Milford works to improve pedestrian traffic

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Jul 12, 2017 No Comments ›› Bryan Shupe
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Phot Shared by LifeCycle bikes shop in downtown Milford.

Jul 12th, 2017 · by Jennifer Antonik · Milford Chronicle

With improving Milford in mind, the city recently installed additional pedestrian crosswalks and new trashcans, according to City Manager Eric Norenberg and Public Works Director Mark Whitfield.

Although the city regularly refreshes the markings on crosswalks around town, he added, Milford Mayor Bryan Shupe asked staff to look into additional pedestrian crossing signs.

“There have been concerns about the traffic volumes and speed in downtown expressed by downtown merchants,” Mayor Shupe said. “We want downtown to be viewed as a safe place to visit and walk amongst the shops, restaurants, etc.”

City officials also said they “haven’t had any particular incidents involving pedestrians recently.” Instead, the installation of extra signage and crosswalks are merely for precautionary measures as the city and local area grows.

To address growth, the city recently added pedestrian signs near Marvel Agency and a crosswalk near Lifecycle, a new bicycle shop on S. E. Front Street, among other additions. City leadership is currently working with DelDOT to restripe another crosswalk on N. E. Front Street near Bicentennial Park.

DelDOT will also need to be involved in replacing the pedestrian sign recently ripped up by a tractor trailer driving through town, according to Mr. Noreberg.

Jenn Rowan, co-owner of Lifecycle, supports the new improvements. She said, “Research supports that when accessible pedestrian and bicycling infrastructure exists in a downtown area, the downtown area experiences economic growth. We are excited to see the city of Milford increasing this infrastructure as it is a tangible investment in the town and in the safety of her citizens.”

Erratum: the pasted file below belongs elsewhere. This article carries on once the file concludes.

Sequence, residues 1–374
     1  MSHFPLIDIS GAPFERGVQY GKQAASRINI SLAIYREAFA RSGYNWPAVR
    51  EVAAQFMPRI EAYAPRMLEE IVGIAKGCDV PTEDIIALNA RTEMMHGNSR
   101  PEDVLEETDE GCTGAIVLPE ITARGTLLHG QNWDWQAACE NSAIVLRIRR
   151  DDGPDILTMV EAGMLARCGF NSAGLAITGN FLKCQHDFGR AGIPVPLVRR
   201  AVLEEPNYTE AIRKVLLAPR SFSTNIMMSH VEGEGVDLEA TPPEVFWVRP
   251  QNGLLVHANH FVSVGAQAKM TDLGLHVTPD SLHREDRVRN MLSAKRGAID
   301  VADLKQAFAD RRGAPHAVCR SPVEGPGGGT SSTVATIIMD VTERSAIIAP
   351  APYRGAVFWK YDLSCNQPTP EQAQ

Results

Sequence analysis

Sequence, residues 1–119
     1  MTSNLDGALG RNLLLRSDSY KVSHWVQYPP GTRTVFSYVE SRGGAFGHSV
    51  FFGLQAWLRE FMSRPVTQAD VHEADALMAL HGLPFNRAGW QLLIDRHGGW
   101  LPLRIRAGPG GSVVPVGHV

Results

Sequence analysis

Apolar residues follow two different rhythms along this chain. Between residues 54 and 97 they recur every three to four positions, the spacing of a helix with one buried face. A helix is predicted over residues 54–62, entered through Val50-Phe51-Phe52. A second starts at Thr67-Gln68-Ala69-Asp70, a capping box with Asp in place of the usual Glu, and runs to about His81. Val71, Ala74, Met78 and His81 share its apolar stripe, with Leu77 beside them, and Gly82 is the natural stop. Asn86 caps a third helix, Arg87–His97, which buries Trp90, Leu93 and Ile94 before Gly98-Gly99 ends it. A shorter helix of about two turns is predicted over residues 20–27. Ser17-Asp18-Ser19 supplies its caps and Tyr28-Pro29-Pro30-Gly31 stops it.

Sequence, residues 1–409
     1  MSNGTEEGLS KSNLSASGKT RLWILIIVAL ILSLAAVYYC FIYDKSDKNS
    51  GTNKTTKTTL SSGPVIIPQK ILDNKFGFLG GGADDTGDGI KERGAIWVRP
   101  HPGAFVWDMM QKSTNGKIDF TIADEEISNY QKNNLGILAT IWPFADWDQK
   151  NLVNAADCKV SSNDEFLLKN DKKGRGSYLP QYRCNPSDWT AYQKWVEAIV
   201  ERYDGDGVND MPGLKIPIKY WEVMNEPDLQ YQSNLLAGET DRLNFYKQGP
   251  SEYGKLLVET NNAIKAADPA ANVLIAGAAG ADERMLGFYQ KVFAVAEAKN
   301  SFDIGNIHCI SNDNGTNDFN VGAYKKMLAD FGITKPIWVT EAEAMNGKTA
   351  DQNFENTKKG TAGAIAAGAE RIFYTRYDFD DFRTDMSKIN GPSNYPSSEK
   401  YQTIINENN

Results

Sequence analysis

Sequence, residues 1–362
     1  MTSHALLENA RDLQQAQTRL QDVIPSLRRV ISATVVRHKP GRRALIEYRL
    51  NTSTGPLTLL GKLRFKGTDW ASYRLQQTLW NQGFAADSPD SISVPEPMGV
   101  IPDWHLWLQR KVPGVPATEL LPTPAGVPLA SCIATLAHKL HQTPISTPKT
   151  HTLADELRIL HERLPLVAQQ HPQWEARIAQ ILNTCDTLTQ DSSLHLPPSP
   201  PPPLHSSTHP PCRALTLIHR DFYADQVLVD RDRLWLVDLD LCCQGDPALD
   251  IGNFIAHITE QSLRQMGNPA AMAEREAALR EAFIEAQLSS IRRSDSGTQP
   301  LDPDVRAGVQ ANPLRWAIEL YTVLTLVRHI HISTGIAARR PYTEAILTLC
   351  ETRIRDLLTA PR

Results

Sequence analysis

Mayor Shupe and his team hopes drivers become more aware of pedestrians and where they are likely to cross streets downtown. They also hope pedestrians “key in” on appropriate locations to do so.

Altogether, the crosswalk and signage improvements cost just under $1,000 from the Street General Fund where Mr. Norenberg says all sign installation and replacement funds are expended. DelDOT painted the crosswalks at Washington Street and S.E. 2nd Street and at Walnut Street and Park Street.

City leadership is also conducting an engineering study related to the safety of trucks turning onto Walnut and Washington Streets at three corners in the downtown area after feedback from residents and business owners. Mr. Norenberg said, “The expectation is that we will be able to institute regulations that allow safe turns at these corners and direct larger trucks to alternative routes.”

Unsafe situations can be reported to DelDOT at www.deldot.gov/reportroadcondition or to the city at cityofmilford.com or 302-422-1110.

New trash cans installed

Adding to the improvements seen around town are forty dual-purpose containers set up for both trash and recycling. Mr. Norenberg and Mr. Whitfield said these additions have received positive feedback, as well.

“When I first visited downtown Milford, I had a hard time finding a place to put recyclables,” Mr. Norenberg said. “So, when I heard about a grant opportunity in mid-2016 to promote and expand recycling, I thought it might help us fund additional recycling containers in public places in Milford.”

Up until recently, trash and recycling containers were spread out around town. This became problematic for visitors who might only be near a trash or a recycling container and didn’t know where to find the other when needed, leading to contamination in the recycling containers. Recyclables would also end up in the landfill, according to Mr. Norenberg.

The city set a goal to increase Milford’s recycling intake to help the environment, the city and visitors alike.

“Recycling can help the environment by reducing what ends up in a landfill and by recycling materials into new products, rather than creating products from virgin materials. By collecting more recyclables in the community, we can save money on the fees we pay to dump trash – this benefits all of our customers,” Mr. Norenberg and Mr. Whitfield stated collectively in an email to The Chronicle.

“So, the goal of this initiative was to ensure visitors and residents always have an opportunity to recycle, especially when visiting our public spaces. This fits with our additional education for residents at home and the increased frequency of recycling collection for Milford residents.”

The first forty containers were delivered in May. More will be delivered during the summer. Of the $1,110 it cost per container, the city paid for 50 percent through the city’s Solid Waste Fund while the other 50 percent came from a DNREC grant.

“The planning for this project has been a great cross-departmental collaboration effort,” according to Mr. Norenberg and Mr. Whitfield. “Parks and Recreation and Public Works Departments coordinated on the planning and preparation of the grant request. Now both departments are partnering on the installation and servicing of the containers.”

The older black trash cans previously seen around town will be removed as the new trash cans are placed. The new dual containers don the city of Milford logos and the River town Art town Hometown theme.


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